Pence Optimism About Islam And Indonesia Misplaced

Mike Pence


by George Rasley, Editor

During Vice President Mike Pence’s recent visit to Indonesia he praised Indonesia for its “tradition of modern Islam.” We wish that the Vice President’s remarks reflected reality, but our experience living and working in Indonesia tells us that the Vice President’s optimism that a secular Indonesia will serve as a bulwark against Islamism spreading through Southeast Asia is misplaced and based more on wishful thinking by American Pence in Indonesia policymakers than it is on fact and history.

When the Dutch arrived as colonial conquers, Islam was already firmly established in Sumatra and a Muslim dynasty had just completed the conquest of the Hindu kingdoms of Java, the largest and most populous island in the Indonesian archipelago of some 17,508 islands, of which 922 are permanently inhabited.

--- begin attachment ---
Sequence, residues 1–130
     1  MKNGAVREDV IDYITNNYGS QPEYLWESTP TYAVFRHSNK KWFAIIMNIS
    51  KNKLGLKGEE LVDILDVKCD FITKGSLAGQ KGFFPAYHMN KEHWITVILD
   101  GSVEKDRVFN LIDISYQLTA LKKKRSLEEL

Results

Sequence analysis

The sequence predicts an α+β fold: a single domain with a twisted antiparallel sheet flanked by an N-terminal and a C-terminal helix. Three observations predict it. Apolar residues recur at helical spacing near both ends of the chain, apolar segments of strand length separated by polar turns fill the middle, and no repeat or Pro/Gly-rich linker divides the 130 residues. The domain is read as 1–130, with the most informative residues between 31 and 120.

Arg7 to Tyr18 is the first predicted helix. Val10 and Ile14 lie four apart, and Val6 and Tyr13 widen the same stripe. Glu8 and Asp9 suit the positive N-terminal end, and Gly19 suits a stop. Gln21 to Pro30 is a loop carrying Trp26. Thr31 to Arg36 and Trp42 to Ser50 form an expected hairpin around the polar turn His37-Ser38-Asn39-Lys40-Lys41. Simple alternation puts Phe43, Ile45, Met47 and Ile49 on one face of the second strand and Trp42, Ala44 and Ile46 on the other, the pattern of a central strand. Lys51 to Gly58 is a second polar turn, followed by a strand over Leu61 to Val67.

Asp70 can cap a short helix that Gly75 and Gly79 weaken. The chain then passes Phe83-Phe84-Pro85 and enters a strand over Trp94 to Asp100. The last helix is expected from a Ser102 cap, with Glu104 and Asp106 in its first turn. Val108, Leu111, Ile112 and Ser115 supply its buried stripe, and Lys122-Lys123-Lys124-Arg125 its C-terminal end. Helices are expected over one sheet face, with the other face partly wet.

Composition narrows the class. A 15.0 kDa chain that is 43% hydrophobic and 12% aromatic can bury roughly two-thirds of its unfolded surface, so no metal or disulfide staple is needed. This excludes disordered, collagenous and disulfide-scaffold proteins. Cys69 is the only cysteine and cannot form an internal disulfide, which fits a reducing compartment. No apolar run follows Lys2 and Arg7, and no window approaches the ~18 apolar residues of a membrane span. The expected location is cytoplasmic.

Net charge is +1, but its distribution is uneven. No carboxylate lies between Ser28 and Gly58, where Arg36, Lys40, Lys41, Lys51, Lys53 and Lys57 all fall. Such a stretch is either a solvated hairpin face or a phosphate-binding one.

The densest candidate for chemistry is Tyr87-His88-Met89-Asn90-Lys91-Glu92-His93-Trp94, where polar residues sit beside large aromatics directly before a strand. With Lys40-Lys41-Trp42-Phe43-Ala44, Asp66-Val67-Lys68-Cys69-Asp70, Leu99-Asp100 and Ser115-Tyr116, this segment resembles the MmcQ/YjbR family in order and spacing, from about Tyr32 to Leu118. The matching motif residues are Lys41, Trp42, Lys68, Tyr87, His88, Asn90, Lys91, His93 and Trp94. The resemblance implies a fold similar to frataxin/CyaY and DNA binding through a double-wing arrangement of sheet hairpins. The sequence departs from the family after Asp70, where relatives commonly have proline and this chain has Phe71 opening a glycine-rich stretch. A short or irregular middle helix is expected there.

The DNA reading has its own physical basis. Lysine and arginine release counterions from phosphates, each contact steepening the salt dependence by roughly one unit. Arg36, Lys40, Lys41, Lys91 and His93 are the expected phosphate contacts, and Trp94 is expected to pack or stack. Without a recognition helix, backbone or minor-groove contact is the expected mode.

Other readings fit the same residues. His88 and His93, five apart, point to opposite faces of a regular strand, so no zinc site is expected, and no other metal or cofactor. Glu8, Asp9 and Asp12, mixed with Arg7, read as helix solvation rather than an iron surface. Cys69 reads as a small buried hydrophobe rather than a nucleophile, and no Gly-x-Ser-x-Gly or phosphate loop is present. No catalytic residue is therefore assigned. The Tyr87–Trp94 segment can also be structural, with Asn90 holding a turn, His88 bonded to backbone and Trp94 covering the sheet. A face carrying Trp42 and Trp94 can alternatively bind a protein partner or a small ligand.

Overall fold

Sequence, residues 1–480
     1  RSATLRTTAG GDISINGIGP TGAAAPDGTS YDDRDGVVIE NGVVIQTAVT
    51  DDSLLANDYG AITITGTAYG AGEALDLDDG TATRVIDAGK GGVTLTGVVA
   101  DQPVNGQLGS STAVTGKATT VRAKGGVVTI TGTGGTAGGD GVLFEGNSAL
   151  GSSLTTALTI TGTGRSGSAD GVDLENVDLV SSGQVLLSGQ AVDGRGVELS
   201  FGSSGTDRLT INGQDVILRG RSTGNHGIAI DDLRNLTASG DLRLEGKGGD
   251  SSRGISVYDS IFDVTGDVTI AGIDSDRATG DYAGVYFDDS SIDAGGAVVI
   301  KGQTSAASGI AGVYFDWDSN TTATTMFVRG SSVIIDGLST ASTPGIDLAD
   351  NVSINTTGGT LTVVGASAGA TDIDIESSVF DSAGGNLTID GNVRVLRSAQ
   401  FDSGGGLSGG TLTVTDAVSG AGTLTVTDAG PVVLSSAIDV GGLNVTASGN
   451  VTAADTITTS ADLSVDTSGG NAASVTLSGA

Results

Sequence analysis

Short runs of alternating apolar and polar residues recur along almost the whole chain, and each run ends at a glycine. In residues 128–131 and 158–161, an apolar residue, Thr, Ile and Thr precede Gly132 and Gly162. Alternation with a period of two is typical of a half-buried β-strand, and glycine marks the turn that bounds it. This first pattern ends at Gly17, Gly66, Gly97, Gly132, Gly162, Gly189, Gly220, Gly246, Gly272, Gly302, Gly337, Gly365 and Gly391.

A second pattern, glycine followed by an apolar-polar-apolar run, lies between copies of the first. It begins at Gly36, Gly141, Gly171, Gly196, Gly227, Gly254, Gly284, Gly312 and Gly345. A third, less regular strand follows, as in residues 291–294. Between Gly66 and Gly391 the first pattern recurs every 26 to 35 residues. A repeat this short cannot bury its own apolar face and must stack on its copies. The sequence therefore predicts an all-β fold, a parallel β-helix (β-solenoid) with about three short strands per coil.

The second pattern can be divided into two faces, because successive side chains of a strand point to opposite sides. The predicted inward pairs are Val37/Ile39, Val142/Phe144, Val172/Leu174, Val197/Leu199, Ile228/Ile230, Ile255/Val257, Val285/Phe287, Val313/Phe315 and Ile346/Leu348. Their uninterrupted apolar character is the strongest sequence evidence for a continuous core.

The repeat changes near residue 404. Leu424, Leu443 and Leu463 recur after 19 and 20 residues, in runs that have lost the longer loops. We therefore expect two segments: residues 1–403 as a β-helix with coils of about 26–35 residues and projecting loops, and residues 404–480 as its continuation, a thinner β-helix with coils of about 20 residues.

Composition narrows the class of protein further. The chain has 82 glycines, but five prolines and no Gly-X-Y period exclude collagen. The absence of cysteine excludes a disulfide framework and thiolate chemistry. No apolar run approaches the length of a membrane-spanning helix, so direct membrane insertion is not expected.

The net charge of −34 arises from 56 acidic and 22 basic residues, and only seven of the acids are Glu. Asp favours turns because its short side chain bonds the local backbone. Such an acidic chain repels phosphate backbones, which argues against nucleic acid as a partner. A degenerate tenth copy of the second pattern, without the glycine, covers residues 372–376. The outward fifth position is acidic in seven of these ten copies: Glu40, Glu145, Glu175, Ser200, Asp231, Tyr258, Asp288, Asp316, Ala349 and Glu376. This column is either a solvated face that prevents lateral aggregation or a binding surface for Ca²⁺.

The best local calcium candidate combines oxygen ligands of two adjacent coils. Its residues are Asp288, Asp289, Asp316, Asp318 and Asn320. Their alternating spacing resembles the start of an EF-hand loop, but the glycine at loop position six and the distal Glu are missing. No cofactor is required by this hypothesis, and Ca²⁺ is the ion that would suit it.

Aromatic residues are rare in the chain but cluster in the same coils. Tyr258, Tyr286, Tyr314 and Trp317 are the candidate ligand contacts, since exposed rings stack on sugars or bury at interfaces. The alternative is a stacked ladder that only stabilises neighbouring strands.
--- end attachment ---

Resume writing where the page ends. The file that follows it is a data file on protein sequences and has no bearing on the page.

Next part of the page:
The colonial wars that followed slowed, but did not stop the advance of Islam through the islands, which were not a united country, but a series of local fiefdoms and tribal societies.

The Dutch made desultory attempts to Christianize Indonesia with missionaries succeeding to convert the majority on some islands, such as Ambon. The Dutch made use of the Ambonese as policemen and advanced other Christian Indonesians in colonial society, but the vast majority of the native population centered on the populous islands of Java and Sumatra remained Muslim.